Machine tool manufacturers were producing machines designed specifically for the then-new tungstencarbidecutters in 1931, and the potential for the cutting grade was becoming evident, American Machinist editors said.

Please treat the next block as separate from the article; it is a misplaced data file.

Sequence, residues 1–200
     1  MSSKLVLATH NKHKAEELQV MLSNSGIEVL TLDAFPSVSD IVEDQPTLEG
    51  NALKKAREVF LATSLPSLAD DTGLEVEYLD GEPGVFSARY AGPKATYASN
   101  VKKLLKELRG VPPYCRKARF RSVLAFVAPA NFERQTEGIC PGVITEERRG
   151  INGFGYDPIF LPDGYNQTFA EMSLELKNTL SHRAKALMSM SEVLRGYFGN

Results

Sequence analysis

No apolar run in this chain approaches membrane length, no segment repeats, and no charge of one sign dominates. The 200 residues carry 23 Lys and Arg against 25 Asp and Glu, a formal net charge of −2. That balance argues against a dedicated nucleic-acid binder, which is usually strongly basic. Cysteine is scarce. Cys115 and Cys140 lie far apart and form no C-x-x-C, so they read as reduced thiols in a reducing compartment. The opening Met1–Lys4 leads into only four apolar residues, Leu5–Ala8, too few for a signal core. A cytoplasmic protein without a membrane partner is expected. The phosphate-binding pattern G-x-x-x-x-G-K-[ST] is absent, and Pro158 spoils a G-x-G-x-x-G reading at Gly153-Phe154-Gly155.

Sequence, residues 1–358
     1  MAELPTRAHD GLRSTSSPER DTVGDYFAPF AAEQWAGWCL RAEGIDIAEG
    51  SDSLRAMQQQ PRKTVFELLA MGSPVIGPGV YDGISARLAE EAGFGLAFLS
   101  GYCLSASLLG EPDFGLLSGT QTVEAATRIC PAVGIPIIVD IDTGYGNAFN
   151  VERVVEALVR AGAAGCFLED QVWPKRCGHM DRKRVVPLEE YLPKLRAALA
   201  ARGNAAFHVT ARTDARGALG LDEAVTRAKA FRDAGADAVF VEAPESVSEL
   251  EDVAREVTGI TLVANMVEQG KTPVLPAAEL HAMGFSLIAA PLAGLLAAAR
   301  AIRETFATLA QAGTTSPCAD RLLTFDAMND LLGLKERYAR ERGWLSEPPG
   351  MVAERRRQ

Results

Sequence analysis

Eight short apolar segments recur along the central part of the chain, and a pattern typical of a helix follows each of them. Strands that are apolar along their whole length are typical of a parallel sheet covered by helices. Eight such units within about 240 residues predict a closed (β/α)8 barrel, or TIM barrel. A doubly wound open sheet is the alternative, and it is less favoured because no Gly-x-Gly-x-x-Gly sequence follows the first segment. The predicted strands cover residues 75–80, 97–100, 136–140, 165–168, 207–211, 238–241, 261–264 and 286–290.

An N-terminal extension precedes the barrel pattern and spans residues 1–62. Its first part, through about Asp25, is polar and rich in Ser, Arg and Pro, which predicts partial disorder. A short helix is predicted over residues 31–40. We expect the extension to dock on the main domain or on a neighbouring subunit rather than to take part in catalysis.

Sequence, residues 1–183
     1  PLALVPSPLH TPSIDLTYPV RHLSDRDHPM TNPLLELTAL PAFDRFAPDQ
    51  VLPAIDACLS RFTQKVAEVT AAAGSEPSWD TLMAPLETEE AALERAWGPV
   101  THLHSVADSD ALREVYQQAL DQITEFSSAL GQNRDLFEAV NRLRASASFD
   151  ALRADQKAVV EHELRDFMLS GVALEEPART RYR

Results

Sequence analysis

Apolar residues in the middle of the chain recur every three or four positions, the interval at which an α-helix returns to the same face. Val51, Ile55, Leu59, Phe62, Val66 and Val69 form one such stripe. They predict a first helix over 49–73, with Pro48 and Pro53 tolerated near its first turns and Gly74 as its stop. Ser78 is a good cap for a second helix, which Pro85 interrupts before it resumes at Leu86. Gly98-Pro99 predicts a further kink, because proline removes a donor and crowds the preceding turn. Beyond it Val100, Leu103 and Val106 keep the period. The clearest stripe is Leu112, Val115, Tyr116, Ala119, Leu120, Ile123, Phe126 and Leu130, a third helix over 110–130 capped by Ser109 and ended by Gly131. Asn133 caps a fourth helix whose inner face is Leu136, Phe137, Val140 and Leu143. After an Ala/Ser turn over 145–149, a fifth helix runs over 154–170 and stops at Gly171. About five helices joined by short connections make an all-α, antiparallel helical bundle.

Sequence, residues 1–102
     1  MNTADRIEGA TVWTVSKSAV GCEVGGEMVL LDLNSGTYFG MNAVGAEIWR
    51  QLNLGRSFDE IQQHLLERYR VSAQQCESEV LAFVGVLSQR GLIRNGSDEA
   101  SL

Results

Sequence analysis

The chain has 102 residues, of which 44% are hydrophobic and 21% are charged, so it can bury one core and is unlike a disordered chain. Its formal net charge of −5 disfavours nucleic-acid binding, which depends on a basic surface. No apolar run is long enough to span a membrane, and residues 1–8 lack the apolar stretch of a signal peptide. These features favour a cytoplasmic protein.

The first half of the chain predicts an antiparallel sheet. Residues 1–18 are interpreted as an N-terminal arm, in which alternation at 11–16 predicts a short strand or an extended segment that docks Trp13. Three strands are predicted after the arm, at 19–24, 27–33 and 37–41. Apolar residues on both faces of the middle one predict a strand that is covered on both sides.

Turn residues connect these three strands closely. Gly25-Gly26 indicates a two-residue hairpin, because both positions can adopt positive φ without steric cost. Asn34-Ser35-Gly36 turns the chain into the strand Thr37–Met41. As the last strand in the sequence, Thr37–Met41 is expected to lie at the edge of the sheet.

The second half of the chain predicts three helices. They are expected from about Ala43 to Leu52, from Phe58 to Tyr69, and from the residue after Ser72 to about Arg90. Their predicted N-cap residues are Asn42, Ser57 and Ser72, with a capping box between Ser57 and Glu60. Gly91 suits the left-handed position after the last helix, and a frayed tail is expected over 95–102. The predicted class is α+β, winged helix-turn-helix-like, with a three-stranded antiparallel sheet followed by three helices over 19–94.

Machine tool builder Kearney & Trecker demonstrated a milling machine that featured a more rigid head and table than seen before, with a spindle that ran at speed-and feed-rates "well above average." Aluminum was machined with a 5-in. milling head at spindle speeds of 1,000 rpm (1,300 ft. per minute) with a 40 in. per minute feed rate and a 0.125-in. depth of cut. Working on a smaller cut, the machine trimmed the same piece, and demonstrated a rapid traverse rate of 240 ft. per minute. Onlookers compared the demonstration to cutting wood with a circular saw because the material was cut so fast. The machine produced an equally impressive result when it was used to cut cast iron, the editors said.